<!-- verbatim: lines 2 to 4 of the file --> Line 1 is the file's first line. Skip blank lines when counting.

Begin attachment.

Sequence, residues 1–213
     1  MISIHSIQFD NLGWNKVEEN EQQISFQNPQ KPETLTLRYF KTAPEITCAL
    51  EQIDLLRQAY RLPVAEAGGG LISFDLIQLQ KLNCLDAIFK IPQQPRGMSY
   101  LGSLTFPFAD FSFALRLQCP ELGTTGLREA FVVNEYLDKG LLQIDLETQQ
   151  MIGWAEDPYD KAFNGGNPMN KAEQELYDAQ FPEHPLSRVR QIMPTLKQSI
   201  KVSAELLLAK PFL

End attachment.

     1  MISIHSIQFD NLGWNKVEEN EQQISFQNPQ KPETLTLRYF KTAPEITCAL
    51  EQIDLLRQAY RLPVAEAGGG LISFDLIQLQ KLNCLDAIFK IPQQPRGMSY
   101  LGSLTFPFAD FSFALRLQCP ELGTTGLREA FVVNEYLDKG LLQIDLETQQ